An engaging narrative of social minorities, set in Lahore, ‘This House of Clay and Water’ delicately emerges as a novel of ideas and tales. Faiqa Mansab’s THOCAW centers around the body—that of a eunuch, a young girl, and two women—as a mean to achieve love and/or the deception of love to achieve body? Love is celebrated, not censored, both in its physicality and spirituality in most uncommon spaces and species, that yet were unattended in Pakistani fiction—an enriching addition to this literary dialect. Mansab extensively and deliberately develops the dialectics of contradictions between determinism & free-will, idealism & practicality, liberalism & conservatism, faith & secularity, feminism & femininity, soul & body, consciousness & oblivion, sensuality & sagacity, Nida & Sasha.
Published by: Penguin India
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The writer’s fondness of books gets reflected through intertextuality and multiple mentions of books and reading throughout the novel. Each sentence, word, and concept is well worked upon to perfect the craft. The plot is not given away cheaply, the shift of narrative voices from the first-person narrator to an omniscient narrator, and occasionally the merger of the two, the effect of which can separately be argued, kept me involved as a reader. I enjoyed Mansab’s keen observations translated into authentic descriptions of hermaphrodite community.
This House of Clay And Water is set in present day Lahore, Pakistan. The book has three main protagonists – Nida, Bhanggi, and Sasha. Nina is the wife of a high ranking politician and the daughter of one too. In spite of her privileged birth or maybe because of it, she is trapped in an onerous marriage and seeks solace in the crowded forgotten old dargahs where she can be anonymous, forgotten and can forget.
Sasha is the epitome of modernity. She scorns her middle-class husband and marriage and yearns for a life of luxury and decadence. She is the opposite of Nida, instead of being bowed down by society and circumstances she decides to take matters into her own hands disregards all propriety and rationality.
Bhanggi is a hermaphrodite or hijra in his part of the world. Hijras have no rights and are treated as the lowest of the low in this society. Bhanggi’s entire life is an ongoing battle for survival. He is an outcast even in the hijras because of his attraction to women and an unwillingness to sell his/her body to men. These men who call themselves custodians of religion and propriety are not accustomed to a mere hijra having the nerve to refuse them and Bhanggi has to pay dearly for his audacity.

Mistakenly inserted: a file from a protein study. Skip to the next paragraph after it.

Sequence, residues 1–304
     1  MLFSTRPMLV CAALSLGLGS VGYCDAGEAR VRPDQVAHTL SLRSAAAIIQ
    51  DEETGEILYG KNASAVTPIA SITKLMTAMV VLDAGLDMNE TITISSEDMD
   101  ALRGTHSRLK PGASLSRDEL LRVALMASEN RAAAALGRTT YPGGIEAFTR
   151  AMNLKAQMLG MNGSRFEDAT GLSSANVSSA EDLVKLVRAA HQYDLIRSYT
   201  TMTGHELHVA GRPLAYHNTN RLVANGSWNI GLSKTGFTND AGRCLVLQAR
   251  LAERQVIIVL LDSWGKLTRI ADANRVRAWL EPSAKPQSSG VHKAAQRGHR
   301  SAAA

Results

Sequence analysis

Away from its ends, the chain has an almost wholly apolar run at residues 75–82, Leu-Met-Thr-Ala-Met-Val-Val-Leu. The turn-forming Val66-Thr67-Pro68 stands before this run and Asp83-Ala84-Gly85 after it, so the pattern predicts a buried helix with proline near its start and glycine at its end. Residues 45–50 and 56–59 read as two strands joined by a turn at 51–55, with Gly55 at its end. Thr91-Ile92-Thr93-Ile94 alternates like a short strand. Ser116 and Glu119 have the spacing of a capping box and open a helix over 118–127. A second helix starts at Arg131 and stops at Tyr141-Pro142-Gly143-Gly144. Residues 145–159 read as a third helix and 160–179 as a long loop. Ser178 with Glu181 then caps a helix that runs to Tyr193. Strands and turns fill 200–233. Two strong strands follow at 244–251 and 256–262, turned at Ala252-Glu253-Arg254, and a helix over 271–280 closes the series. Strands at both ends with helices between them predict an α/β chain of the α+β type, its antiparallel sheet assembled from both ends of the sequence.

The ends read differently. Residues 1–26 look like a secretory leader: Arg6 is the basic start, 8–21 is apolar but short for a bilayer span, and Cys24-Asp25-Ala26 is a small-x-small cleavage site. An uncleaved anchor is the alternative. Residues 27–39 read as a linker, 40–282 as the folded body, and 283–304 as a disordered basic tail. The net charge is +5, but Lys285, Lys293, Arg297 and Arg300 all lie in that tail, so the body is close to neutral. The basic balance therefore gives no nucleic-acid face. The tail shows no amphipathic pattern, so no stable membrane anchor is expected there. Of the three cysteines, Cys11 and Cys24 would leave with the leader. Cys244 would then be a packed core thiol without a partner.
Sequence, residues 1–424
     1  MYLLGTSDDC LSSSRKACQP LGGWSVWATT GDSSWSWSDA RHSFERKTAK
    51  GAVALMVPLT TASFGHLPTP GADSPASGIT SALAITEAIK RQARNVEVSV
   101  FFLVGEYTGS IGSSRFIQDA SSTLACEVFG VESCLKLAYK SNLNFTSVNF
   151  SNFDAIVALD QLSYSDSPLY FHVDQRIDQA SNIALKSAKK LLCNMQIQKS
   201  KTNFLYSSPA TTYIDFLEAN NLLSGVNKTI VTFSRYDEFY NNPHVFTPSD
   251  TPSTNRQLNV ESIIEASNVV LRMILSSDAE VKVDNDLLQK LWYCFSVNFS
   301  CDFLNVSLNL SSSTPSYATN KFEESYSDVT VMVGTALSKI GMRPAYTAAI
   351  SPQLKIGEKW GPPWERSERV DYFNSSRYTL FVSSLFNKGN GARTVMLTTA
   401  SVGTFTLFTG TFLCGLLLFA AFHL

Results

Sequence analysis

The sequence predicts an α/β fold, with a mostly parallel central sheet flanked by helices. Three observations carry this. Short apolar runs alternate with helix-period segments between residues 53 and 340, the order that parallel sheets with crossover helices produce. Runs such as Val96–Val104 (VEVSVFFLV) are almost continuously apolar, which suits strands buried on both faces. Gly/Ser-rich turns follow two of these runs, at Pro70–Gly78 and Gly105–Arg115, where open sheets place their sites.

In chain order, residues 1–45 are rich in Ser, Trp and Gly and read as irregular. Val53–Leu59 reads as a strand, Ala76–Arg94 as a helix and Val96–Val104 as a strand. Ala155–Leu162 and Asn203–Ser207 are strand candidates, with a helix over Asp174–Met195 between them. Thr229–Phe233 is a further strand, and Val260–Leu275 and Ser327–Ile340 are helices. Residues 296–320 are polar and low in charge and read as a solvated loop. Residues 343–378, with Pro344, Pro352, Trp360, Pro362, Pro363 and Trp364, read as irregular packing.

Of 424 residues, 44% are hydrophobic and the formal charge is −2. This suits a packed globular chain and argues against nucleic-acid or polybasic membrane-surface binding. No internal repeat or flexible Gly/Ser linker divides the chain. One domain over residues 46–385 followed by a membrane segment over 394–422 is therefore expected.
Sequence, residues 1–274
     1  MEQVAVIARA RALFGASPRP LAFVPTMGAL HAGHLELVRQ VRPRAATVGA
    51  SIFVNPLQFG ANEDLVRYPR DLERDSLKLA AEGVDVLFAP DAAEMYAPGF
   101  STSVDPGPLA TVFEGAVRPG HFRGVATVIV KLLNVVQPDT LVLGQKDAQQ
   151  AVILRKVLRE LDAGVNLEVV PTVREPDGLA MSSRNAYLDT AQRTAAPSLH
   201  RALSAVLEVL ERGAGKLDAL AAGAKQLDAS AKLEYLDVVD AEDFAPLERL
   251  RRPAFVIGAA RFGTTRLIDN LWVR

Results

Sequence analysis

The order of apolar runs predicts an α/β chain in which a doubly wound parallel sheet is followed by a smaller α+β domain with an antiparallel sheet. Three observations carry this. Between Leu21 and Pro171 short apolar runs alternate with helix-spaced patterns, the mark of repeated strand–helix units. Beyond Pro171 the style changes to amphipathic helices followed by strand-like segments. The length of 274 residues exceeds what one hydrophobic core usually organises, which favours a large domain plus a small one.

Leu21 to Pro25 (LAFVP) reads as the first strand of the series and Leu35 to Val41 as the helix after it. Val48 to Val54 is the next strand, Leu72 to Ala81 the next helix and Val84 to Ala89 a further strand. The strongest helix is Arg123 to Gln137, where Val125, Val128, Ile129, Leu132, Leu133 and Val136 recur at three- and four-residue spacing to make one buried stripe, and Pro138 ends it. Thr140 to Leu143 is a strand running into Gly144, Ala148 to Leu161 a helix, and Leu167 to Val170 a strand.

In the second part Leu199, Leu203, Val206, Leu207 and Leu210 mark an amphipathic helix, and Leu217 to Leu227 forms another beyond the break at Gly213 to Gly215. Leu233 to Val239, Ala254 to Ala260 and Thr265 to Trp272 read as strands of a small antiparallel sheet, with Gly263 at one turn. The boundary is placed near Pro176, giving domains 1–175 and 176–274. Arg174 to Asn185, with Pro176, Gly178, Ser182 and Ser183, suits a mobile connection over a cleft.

The story revolves around these three characters and their lives. Fate brings them together at the shrine of Daata Sahib and entwines their stories in the thick of Lahore’s paradoxical society.
I did not find the book surprising at all. It is a rather common story told and retold time and again in our shared culture and divided borders. But no matter how many times it has been told, it is not enough. Not enough to change anything. Not enough times to make me surprised at the struggles of the protagonists and not enough times to make it into fiction.
It is the hard reality, that’s what hit me in this book. Not many people would even like to read about Bhanggi because no one wants to talk about hijras. Certainly, no one wants to know about the sexual preferences of a hijra. It is a taboo. But reality rarely makes for pleasant reading. On the surface Nida’s life is perfect. Why is she so unsatisfied? Hundred’s of women would give anything to be in her position. Why is she complaining? As a woman she got lucky. Her husband hasn’t taken another wife even though he misses no opportunity to remind her of his magnanimity. She’s produced and lost a daughter. An imperfect one at that, she should be grateful to her husband for not divorcing her. Unfortunately she is educated enough to understand the oppression but helpless in her “respectable” political family to do anything about it.
Sasha now is living life on her own terms. She believes herself empowered by making a fool out of unforgiving society and her unsatisfactory husband.She has blissfully shut her eyes to any self-reproach and while doing so also shut her eyes to her poor neglected younger child. It is her lust for life that makes her so reckless and she has to pay for it. Sasha and Nida at the opposite ends of the spectrum represent our patriarchal to the point of being a farcical society with muddled morals.
Bhanggi’s fate was sealed the day he was born a hermaphrodite. There’s no hope and no life for his kind in this world. Every time he even dares to think of happiness he is squashed down like an ant. But he dares. He dares till the very end.
I loved Faiqa’s writing. It is humorous with darker undertones which is exactly what the story demands. I was hooked onto the last page.
The cover is gorgeous. I’ll admit, it is what attracted me to this book first. I thoroughly enjoyed reading and reviewing this book. You can get your copy from Amazon like I did or get it at any bookstores stocking penguin publishers.
I am giving a 5/5 star rating to This House of Clay And Water.
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